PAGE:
In spring and summer, one of the most beautiful regions in Germany is very green, until fall, when it turns orange, red and brown. Still its name is Black Forest. There is an explanation.
There is hardly any black in Germany’s Black Forest, a stunningly beautiful region of woods, pastures, hills, lakes, rivers and mountains that spreads out over an area of exactly 6,009 square kilometers (2,320 square miles) in south-western Germany. In spring and summer, many versions of green can be seen here. Then they change to fall colors, and usually to white in winter.
Black Spruce Forests
So, where is the black? When the Romans dominated the region, the enormous forests were mysterious, black and scary to them. They called them ‘Silva Negra’, which is the Latin translation for Black Forest. A version of the German name ‘Schwarzwald’ first appeared in a document in the year 868.
Over the centuries, the Black Forest changed. In the 18th century, many trees were felled. Their wood was used for buildings, ships and as heating material. But the gaps were reforested. When spruces were planted, the forests actually became sort of black. Today, there are countless different types of trees.
Plenty of Air
The air down there is excellent. There is nothing better than sleeping at a hotel in some Black Forest village with the windows wide open. Taking a deep breath in that region will make Berliners feel their oxygen intake just quintupled. Humans need air to breathe. They will get plenty of it in the ‘Silva Negra’.
Did anyone say “food”? ‘Black Forest Ham’ (‘Schwarzwälder Schinken’) is the kind of raw ham that ripens for a month or two. The word delicious is an understatement here. The same applies in regard to what is known as ‘Black Forest Cherry Tart’ (‘Schwarzwälder Kirschtorte’). The ingredients are layers of chocolate cake and cream plus cherries on top. There is nothing better of the face of this Earth.
Cuckoo Clocks and Tourism
Countless farms all over the Black Forest produce excellent milk, cheese and other products. The cows have plenty of grazing land. Those pastures they spend most of their time on provide clean, green and juicy grass which contributes to their wellbeing and the quality of their milk.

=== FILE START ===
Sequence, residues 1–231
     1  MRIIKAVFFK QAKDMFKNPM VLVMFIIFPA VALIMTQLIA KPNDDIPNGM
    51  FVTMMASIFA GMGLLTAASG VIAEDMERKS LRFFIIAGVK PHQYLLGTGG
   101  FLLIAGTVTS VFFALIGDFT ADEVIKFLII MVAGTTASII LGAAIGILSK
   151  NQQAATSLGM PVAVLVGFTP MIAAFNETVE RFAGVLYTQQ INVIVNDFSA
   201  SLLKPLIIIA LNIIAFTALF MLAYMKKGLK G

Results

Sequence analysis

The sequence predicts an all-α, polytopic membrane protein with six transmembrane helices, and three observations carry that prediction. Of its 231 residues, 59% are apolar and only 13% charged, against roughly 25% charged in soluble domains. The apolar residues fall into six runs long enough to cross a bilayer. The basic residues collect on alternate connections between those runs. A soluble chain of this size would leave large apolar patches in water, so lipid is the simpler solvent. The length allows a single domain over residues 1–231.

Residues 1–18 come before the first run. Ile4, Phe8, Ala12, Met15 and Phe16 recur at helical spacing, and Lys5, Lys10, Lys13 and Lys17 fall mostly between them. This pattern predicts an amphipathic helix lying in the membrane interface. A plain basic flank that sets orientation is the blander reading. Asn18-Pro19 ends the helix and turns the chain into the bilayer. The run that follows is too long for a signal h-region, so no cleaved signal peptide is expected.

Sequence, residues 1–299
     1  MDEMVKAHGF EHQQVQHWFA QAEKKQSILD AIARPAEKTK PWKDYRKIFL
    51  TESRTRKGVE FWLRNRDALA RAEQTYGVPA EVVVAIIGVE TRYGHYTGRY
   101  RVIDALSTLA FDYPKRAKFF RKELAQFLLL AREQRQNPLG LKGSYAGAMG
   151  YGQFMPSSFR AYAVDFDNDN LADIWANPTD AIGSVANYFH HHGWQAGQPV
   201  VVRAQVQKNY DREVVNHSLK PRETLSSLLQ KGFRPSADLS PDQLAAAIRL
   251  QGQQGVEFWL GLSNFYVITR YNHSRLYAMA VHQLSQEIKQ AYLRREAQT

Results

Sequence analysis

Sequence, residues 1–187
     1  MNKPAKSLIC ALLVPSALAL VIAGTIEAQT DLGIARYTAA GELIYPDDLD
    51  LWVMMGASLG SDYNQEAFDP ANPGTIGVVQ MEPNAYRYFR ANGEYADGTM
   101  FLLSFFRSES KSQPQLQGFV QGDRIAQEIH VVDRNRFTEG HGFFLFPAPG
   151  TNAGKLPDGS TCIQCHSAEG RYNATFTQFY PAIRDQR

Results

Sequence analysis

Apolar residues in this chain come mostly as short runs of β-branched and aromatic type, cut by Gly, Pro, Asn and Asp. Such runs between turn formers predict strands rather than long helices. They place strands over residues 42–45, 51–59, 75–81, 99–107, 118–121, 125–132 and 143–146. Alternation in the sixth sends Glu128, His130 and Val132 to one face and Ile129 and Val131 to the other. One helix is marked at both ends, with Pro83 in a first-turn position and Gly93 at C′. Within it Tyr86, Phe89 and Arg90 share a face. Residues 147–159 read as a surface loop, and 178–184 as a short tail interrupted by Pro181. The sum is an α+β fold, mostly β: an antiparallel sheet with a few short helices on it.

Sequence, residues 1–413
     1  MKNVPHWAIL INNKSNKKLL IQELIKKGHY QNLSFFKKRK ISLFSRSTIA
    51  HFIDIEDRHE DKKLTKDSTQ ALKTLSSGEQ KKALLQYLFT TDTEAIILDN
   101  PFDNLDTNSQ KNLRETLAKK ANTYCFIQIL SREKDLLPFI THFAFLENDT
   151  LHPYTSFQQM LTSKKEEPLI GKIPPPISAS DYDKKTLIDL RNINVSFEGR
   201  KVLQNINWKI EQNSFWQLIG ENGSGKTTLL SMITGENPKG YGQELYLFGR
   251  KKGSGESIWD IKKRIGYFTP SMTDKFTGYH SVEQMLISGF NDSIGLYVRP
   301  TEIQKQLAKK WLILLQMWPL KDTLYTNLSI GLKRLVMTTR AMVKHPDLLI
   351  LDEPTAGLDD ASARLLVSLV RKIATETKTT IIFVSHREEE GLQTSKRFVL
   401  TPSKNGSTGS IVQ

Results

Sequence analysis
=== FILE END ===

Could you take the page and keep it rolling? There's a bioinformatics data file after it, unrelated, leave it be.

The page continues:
Sure, agriculture is big in the Black Forest. Also they make cuckoo clocks and other products. But tourism is a lot bigger. At least it was in pre-Corona times. Visitors from Germany and all over the world love hiking, swimming in clean lakes, eating and breathing that air down there.
Hiking Trails Galore
The most popular spots in the Black Forest are Titisee (watch out for an extra feature on The Berlin Spectator soon), Schluchsee, Badenweiler, Bad Krozingen, Bad Liebenzell, but also towns such as Gengenbach, Baden-Baden, Freudenstadt, Freiburg, Wolfach or Haslach. There a several monasteries visitors go to.
Dozens of hiking trails of all distances appeal to tourists who insist on moving their behinds. The West Trail from Pforzheim to Basel is 285 km (177 miles) long. The East Trail is a bit shorter, but just as interesting. There are loop trails and routes from A to B that take between one and seven days to complete. Plenty of bicycle routes are there as well.
Mountains and Water
How about climbing some mountains? No problem at the Black Forest. Climbers will not find Everest, but the ‘Feldberg’. With its 1,493 meters (4,898 feet), it is the highest mountain in the region. Another six are higher than 1,000 meters (3,281 feet). And there is plenty of water. Apart from many lakes, there are 26 rivers. Swimming, renting boats and even windsurfing are popular activities.
There is another very popular activity at the Black Forest. Motorcyclists love racing up and down its roads with their millions of curves. And they crave the local beer and food when they are done, just like all other kinds of tourists.
Up to 150,000 people in the region work in tourism. The many hotels in all corners of the Black Forest counted some 35 million nights spent per year in pre-Corona times. Beauty definitely sells.
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